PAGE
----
Following General Greene’s defeat at Guilford Court House—March 1781—, a cavalry officer makes do.
I wish we could get thirty or forty swords, as I wish to have that number of my best men equipped compleat as horsemen, and use the remainder as infantry mounted.—Major de Glaubeck† to General Sumner, 14th May, 1781.
Anecdote of Baron de Glaubeck.
THIS officer, who was in New-York in 1789, supplicating congress for compensation for services during the war, (which he would not have demanded but for his great losses in India,) having signalized himself in many engagements after the battle of Guilford, general Green recommended the baron to the governor of North Carolina, and advised him to put the cavalry of that state under his command. The governor took the general’s advice, and accordingly placed the baron at the head of the cavalry; but to his great astonishment, not a man among them had a sword except himself; however, in order to supply this deficiency, he ordered every man to supply himself with a substantial hickory club; one end of every club he caused to be mounted with a heavy piece of iron; then to show an example to his men, he threw down his sword, armed himself with one of these bludgeons, and mounted his horse.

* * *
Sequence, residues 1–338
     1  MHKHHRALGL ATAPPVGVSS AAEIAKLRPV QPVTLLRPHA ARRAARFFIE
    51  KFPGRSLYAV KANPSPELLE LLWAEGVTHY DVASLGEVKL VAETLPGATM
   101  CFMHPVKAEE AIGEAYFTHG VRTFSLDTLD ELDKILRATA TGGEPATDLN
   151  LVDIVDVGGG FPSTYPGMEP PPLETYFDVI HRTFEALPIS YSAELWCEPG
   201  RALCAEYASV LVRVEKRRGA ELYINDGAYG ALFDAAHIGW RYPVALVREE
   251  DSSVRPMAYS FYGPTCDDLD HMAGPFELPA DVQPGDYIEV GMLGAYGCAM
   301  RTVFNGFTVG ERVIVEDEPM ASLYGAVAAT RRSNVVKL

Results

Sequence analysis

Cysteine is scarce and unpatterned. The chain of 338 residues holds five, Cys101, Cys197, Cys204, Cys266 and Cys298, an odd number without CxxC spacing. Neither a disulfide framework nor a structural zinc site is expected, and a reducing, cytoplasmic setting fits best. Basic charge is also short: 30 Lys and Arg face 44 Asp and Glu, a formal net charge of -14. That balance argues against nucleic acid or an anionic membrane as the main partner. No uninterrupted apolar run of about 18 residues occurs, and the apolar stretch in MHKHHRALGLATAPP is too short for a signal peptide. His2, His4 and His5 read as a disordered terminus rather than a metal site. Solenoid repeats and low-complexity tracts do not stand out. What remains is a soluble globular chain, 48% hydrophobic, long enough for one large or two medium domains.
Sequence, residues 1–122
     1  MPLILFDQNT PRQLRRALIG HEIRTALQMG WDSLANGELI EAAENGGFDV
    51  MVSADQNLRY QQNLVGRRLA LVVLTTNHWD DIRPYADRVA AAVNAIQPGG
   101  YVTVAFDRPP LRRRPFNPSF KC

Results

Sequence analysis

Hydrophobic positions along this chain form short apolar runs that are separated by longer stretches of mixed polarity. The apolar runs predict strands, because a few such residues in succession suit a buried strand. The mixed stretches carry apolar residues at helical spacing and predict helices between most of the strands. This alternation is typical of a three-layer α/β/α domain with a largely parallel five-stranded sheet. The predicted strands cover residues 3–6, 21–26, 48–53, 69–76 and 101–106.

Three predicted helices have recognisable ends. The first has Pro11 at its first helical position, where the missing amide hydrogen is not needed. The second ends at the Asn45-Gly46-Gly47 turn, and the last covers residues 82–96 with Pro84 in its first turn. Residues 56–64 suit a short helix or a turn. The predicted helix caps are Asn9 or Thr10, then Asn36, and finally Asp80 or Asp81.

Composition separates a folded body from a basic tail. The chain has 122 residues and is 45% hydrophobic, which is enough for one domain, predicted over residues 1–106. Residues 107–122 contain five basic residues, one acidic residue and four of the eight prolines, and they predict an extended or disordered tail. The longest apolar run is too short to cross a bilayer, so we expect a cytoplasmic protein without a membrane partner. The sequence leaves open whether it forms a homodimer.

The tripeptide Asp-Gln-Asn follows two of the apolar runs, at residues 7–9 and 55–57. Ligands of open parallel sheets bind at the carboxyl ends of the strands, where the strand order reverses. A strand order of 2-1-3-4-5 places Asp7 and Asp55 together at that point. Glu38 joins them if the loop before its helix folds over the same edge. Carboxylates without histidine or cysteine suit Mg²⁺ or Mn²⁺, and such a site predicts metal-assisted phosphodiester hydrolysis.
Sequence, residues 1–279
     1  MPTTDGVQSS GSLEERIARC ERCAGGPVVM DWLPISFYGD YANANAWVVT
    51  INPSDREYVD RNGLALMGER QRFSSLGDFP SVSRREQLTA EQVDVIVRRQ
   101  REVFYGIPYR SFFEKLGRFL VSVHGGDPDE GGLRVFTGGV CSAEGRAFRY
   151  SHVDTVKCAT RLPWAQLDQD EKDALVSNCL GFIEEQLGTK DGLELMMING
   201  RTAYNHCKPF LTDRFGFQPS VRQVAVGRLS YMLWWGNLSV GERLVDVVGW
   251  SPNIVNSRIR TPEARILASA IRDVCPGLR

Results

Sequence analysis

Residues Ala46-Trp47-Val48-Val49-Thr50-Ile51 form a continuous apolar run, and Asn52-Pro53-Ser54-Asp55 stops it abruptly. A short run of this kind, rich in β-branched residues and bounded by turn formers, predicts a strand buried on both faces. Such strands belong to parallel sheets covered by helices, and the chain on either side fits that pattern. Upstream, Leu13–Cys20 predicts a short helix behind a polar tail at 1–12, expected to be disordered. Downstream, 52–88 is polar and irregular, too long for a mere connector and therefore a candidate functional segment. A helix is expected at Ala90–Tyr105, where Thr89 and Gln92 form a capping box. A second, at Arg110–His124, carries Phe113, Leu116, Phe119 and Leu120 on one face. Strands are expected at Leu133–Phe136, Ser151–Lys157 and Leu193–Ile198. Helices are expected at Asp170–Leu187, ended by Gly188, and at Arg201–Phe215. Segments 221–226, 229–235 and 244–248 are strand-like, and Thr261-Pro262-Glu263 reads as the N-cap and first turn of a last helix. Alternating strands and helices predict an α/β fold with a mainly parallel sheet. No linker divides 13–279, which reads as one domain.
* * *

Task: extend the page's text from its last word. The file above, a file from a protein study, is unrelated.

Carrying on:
After giving his men the necessary instructions in the art of wielding their wooden swords, he marched with his whole body, consisting of 300, towards Cornwallis’s army, in order to reconnoitre their lines, where he arrived the same day about one o’clock. Cornwallis was then retreating towards Wilmington, and his men being fatigued, had halted to take some refreshment. The baron seized this favourable opportunity, and charged two Hessian pickets, whom he made prisoners, routed three British regiments, to whose heads he applied the clubs so effectually, that a considerable number were killed on the spot, and finally he retreated with upwards of 60 prisoner.
—Mathew Carey, Editor; The American Museum (October 1792).
† Peter William Joseph Ludwig, Baron de Glaubeck.